Orlando "Maraca" Valle segued easily from his years as a prodigious flute player with Cuban jazz heavyweights Bobby Carcasses, Emiliano Salvador, and Irakere to leading his own band, Otra Vision, purveyors of well-crafted good-time music. Performing a brand of popular Cuban music with wide appeal, Maraca and Otra Vision have, like Cubanismo -- another group with an infectiously joyous vibe -- followed a rigorous tour schedule and become a staple at international festivals. That Maraca has developed a steady following in the United States is largely due to the efforts of his record company, Los Angeles-based Ahí-Namá, which has persisted in its quest to make Cuban music a significant presence in the U.S. market when other labels have tired of the trend or just disappeared.
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Tremenda Rumba!, Maraca's third disc on Ahí-Namá, gets off to a spectacular start, with the conservatory-trained flautist departing further from jazz than ever before and putting his chops as a player and arranger in the service of living up to the album's name (Incredible Party). The first track, "Se te acabó la rumba," is Cuban dance music arranged for an international audience; in other words, the sound of musically sophisticated salsa. "Castígala" weaves totally fresh and absolutely irresistible Latin rhythms led by Wilfredo Campa's great sonero stylings with the contemporary Caribbean street sensibility of Amiel Castellanos's swaying rap. Maraca calls the sound "salsa-ragga," and it would be a huge Spanish hit if radio were right. (And there's at least some chance it will be on the less Cubaphobic West Coast.)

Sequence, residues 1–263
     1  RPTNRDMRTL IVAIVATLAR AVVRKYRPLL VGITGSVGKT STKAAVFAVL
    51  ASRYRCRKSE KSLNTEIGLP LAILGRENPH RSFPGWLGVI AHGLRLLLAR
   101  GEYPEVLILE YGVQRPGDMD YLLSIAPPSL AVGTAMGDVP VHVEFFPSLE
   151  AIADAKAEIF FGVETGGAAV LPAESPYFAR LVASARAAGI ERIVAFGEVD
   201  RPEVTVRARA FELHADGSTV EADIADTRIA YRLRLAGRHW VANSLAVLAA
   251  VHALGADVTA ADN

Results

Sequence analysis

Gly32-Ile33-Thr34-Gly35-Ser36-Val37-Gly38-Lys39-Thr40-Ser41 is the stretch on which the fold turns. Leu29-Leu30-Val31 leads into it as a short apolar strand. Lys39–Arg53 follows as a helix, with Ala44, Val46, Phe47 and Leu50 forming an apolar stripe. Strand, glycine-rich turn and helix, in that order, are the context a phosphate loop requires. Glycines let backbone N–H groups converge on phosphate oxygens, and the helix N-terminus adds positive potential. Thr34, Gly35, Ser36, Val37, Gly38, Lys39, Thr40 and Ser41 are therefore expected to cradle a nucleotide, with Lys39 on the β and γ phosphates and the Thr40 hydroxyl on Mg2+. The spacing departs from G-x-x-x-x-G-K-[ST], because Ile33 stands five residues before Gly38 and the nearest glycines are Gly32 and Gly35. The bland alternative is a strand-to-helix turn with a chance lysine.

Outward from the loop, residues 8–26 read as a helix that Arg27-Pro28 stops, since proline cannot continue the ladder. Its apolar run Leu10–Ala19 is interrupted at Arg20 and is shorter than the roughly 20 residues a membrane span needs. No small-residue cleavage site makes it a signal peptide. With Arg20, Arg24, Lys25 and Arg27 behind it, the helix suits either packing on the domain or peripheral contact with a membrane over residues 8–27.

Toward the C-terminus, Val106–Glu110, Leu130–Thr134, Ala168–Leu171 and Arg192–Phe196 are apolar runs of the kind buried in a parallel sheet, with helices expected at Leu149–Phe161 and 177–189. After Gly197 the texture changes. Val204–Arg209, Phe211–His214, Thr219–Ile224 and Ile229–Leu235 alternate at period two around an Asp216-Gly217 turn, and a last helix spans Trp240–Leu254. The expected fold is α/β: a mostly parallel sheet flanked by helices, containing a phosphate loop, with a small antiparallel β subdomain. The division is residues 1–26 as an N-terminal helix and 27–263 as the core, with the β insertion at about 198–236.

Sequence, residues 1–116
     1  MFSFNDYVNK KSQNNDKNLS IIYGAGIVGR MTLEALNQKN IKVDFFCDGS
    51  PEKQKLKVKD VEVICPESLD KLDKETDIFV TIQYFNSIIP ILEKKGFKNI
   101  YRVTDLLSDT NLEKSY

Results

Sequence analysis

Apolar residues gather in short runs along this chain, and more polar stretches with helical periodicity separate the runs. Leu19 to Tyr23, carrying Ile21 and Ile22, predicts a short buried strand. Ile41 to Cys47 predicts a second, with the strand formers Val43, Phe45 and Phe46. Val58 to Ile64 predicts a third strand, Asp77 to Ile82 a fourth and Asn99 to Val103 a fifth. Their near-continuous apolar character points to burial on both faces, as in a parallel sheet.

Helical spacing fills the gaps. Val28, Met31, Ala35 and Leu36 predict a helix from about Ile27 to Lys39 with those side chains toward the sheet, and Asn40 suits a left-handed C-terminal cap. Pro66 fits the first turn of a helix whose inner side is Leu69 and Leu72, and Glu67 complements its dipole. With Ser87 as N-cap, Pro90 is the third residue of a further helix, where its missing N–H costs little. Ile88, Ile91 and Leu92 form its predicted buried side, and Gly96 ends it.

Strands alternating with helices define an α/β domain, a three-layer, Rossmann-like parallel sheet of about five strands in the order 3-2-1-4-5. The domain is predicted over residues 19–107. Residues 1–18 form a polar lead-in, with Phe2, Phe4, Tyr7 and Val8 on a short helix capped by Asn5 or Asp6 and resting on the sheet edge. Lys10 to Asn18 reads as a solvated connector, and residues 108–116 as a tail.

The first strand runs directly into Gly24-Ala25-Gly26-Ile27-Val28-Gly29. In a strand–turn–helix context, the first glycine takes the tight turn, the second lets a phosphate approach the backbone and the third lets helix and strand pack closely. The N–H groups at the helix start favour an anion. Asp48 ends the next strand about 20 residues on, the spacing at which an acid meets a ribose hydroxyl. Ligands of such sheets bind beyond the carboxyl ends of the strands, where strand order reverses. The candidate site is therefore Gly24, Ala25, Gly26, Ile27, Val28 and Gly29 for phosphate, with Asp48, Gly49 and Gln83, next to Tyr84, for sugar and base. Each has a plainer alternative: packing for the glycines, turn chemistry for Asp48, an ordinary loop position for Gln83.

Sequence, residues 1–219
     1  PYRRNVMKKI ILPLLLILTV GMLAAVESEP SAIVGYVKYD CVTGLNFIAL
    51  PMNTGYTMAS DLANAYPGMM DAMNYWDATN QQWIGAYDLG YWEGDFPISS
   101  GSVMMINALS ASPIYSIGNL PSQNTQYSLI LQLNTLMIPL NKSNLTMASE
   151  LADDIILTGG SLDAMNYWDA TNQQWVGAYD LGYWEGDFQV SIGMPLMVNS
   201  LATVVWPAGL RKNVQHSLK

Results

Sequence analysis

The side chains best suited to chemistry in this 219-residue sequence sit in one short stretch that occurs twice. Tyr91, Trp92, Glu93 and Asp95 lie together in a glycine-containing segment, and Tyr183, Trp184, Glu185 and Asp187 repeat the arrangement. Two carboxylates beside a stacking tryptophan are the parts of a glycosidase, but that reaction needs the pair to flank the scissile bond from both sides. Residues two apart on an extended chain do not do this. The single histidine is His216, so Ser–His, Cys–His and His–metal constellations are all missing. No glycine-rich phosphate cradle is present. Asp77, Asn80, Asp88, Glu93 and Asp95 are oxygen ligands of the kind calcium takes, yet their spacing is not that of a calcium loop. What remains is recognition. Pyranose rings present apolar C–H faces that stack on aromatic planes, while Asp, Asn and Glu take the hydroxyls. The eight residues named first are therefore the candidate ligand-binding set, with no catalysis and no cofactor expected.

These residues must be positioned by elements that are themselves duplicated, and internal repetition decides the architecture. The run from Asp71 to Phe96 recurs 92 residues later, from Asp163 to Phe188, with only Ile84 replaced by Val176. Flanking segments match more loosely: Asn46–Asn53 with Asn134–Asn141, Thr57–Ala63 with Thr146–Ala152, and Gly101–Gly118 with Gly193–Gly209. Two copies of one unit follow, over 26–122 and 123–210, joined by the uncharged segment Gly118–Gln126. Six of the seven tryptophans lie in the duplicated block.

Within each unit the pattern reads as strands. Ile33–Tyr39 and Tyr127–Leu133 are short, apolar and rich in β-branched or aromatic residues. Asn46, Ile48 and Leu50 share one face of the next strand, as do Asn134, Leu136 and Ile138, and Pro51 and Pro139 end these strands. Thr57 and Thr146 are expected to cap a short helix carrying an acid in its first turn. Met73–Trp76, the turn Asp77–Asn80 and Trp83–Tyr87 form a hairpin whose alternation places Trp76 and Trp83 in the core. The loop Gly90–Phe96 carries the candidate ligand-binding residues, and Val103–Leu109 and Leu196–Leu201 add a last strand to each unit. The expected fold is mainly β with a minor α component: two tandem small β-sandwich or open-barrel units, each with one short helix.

This is all great fun until the album takes an unexpected turn. Suddenly an old-style danzón begins -- and it's frankly a bummer (who let Buena Vista Social Club in, and why?). Tremenda Rumba! then becomes -- as so many Cuban albums before it -- a sampler of Cuban music styles: a hard-edged timba, a carnival conga, Afro-jazz ... this potpourri approach is a time-honored Cuban musical tradition (complete with genre labels on the track list), but one that feels pretty tired. It seems Maraca felt the need to demonstrate his artistic versatility, and perhaps was afraid to drop the jazz solos for fear of losing his rep as a serious musician. All the music here is well executed and in some cases innovatively arranged, and it's all easy on the ears, as could be expected from the extensive guest list of esteemed Havana musicians who joined the band in the studio. But it's too bad Maraca didn't stick with the powerful groove of the first few tracks. The results could have been truly tremendous.